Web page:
The Best Ways To Treat & Prevent Shin Splints

One of the most common afflictions in running is also the one most shrouded in mystery. We raise the curtain and shed some light.

R.W. Sciolo |

It’s the bane of runners both new and advanced: lower-leg pain that flares up when you start pounding the pavement. In many cases, the culprit is shin splints.

Also known as medial tibial stress syndrome (MTSS), shin splints are thought to occur when inflammation develops where the muscles insert on the bone, explains Dr Cordelia Carter, director of the Women’s Sports Medicine Centre at New York University. That’s called periostitis, and the resulting inflammation is responsible for the nagging pain you feel.

Properly identifying your pain as shin splints is important. “ ‘Shin splints’ is the very fuzzy term we apply to ‘Ow, my leg hurts,’ ” says Carter. “It’s a catch-all; but the pain is not always caused by shin splints.”

If the pain increases, persists after your workout, or interferes with everyday life, you should see a pro to make sure it’s not serious. But if not, there are DIY treatments that can help.

The Easiest Way to Treat: Stop, Ice, Roll, and Stretch

When you’re dealing with acute pain, take a break from strenuous activity to give the inflammation time to go down. “If you feel a little better, and you try to go back [too soon], you’re setting yourself back to square one,” Carter says.

Icing your leg is the first course of action. Wrap a frozen bag of peas in a dishcloth and place it on the aching area. It conforms to your leg better than an ice pack, and will reduce the inflammation and swelling. Taking non-steroidal anti-inflammatory drugs (NSAIDs) can help, too – just make sure you’re not exceeding the prescribed dosage, and take them with food to avoid an upset stomach, Carter says.

While you’re resting from running, take time to foam-roll and stretch, focusing on your Achilles tendon. Try the heel-drop stretch: stand with one foot on the edge of a step and lower your heel down. Return to starting position and then repeat on the other leg.

shin splints
Image by Rob Ward

The Intermediate Investment: Socks and Inserts

Still aching? It’s time to put more effort into healing. Swelling tends to occur along with inflammation, even if you can’t see it. Compression socks can decrease swelling, thus relieving some of the pain.

Another option is over-the-counter shoe inserts, which are usually less stiff than custom orthotics. Inserts are particularly helpful if you have flat feet, since overpronation ends up stressing your muscles and tendons even more, putting you at greater risk of shin splints. “If you can neutralise that alignment problem, then you can potentially balance the forces going through your foot and ankle as you run, which will hopefully decrease your chances of developing an overuse injury such as shin splints,” Carter says.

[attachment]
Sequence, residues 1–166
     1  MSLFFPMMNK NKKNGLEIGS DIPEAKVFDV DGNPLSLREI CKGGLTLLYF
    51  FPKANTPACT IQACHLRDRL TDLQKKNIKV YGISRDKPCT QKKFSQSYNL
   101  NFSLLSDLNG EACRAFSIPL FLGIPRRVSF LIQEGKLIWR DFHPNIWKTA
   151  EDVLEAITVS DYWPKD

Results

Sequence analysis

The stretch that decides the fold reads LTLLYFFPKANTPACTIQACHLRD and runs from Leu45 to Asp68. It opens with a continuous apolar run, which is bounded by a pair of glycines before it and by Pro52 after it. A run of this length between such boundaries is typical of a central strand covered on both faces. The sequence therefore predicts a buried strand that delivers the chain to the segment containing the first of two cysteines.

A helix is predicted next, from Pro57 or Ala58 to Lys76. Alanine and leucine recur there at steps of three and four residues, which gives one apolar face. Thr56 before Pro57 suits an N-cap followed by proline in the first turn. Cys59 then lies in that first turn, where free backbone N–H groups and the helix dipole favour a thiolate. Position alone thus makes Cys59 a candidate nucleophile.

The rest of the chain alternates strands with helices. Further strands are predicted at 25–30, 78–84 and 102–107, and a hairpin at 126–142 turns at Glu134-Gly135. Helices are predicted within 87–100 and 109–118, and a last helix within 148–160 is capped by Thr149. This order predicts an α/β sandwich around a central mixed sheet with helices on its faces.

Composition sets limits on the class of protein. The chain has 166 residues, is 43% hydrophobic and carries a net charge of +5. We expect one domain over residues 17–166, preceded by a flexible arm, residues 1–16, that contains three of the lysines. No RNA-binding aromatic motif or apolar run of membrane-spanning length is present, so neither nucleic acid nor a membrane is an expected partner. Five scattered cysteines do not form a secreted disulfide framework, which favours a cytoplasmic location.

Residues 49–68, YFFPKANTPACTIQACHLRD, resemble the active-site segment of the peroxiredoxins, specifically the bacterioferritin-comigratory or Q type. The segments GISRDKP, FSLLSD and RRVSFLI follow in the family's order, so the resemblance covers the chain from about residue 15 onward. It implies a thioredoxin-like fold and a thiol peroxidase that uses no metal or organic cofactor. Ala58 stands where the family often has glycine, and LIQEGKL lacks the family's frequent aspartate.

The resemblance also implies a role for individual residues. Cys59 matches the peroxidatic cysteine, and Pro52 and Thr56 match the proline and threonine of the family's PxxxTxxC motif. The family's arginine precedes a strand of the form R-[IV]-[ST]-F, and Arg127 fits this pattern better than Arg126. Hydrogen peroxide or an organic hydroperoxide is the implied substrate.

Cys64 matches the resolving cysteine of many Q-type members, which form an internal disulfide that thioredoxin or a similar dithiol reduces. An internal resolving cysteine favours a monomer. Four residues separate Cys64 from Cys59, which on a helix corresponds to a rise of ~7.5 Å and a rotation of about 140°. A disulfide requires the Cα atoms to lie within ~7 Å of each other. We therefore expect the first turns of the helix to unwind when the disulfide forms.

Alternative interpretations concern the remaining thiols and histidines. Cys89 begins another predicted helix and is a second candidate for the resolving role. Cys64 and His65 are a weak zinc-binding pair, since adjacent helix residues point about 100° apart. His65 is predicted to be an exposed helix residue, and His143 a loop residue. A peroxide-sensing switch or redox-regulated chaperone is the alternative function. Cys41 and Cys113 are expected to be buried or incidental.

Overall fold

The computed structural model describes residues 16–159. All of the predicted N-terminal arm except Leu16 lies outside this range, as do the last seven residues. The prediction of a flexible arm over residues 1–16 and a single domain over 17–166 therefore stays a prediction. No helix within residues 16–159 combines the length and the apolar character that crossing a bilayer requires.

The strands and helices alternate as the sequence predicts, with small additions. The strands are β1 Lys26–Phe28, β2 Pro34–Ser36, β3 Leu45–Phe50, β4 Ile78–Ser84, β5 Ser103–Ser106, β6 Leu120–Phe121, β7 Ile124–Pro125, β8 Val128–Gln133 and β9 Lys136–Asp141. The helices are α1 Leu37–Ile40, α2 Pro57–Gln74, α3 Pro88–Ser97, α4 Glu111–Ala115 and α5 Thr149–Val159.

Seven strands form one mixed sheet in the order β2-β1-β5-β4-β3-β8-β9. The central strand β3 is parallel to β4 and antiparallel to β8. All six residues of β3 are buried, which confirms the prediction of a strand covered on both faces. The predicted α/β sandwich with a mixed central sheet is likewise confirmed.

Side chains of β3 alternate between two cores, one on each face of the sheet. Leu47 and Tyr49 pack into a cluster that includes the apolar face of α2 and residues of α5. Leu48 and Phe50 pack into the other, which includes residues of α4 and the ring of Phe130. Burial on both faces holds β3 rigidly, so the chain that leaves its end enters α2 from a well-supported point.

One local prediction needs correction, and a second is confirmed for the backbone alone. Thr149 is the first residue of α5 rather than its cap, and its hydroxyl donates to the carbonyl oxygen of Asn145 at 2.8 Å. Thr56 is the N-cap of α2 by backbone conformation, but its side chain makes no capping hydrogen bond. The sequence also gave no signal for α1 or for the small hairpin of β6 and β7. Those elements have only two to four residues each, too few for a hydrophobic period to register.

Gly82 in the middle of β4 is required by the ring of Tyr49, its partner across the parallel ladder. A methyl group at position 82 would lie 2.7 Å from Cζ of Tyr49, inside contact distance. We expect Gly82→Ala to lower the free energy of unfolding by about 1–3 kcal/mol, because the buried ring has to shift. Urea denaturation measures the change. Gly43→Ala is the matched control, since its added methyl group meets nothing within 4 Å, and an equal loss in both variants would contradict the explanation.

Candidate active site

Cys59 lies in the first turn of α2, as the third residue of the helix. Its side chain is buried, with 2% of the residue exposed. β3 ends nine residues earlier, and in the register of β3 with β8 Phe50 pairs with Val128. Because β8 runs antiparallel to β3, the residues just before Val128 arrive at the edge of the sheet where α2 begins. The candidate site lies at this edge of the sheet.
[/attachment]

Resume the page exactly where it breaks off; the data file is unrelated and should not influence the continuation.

The Advanced Solution: Kinesiology Tape

If you have a chronic case of shin splints, kinesiology tape may help to relieve the throbbing. According to a study in the Journal of Sports Medicine and Physical Fitness, people who wore kinesio tape for just one week experienced a greater reduction in pain than those who used standard orthotics.

“Kinesio tape lifts the superficial tissues, which promotes healing by moving waste products out of the area, and stimulates nerve endings that relax the muscle,” says Cameron Yuen, senior physical therapist at Bespoke Treatments.

Measure the amount you need by sitting with your leg in front of you, foot flexed. Hold the tape 5cm beneath the top of your big toe, and unroll until it hits just below the outside of your knee. Cut the tape there. Without stretching the tape, peel off 5cm of adhesive and stick it just below the outside of your knee.

Then peel off the remaining paper, and stretch the tape to stick just beneath the base of your big toe, with the foot still flexed. Point your toe, and lightly press the tape to your shin until the tape is flat. Cut additional strips the length and width of your shin, and stick them laterally over your pain points.

Prevent ’em

Because there’s no quick cure-all to make shin splints vanish fast, prevention is the most important part of the equation, Carter says. To stop them before they start, it’s key to avoid large jumps in training volume. Alternate between a few pairs of running shoes, and make sure that the kind you choose fits your foot type and biomechanics. If you run on a cambered road, stay on the same side of the road on your way back, and if you run on a track, make it a point to switch directions with each lap. This will vary the stresses on your legs, and help prevent repetitive overuse.

Your Shin Splints Treatment Kit

1. Compression Running Socks
These socks help increase circulation, which can improve bloodflow and decrease swelling.

2. Running Shoe Insoles
The cushy foam and (on some examples) carbon fibre neutralise your alignment when your foot hits the pavement.

3. Kinesio Tape
Most are made with 100 per cent synthetic fibres – both breathable and durable.

Foam Rollers We Love

Four levels of vibration intensity, HyperIce Vyper 2.0 / R3 500

shin splints

Extra length for less, Just Sports 90cm Foam Roller / R449
shin splints

Perennial favourite of the pros, TriggerPoint GRID / R599
shin splints

READ MORE ON: injuries injury-prevention shin splints shins

Copyright © 2024 Hearst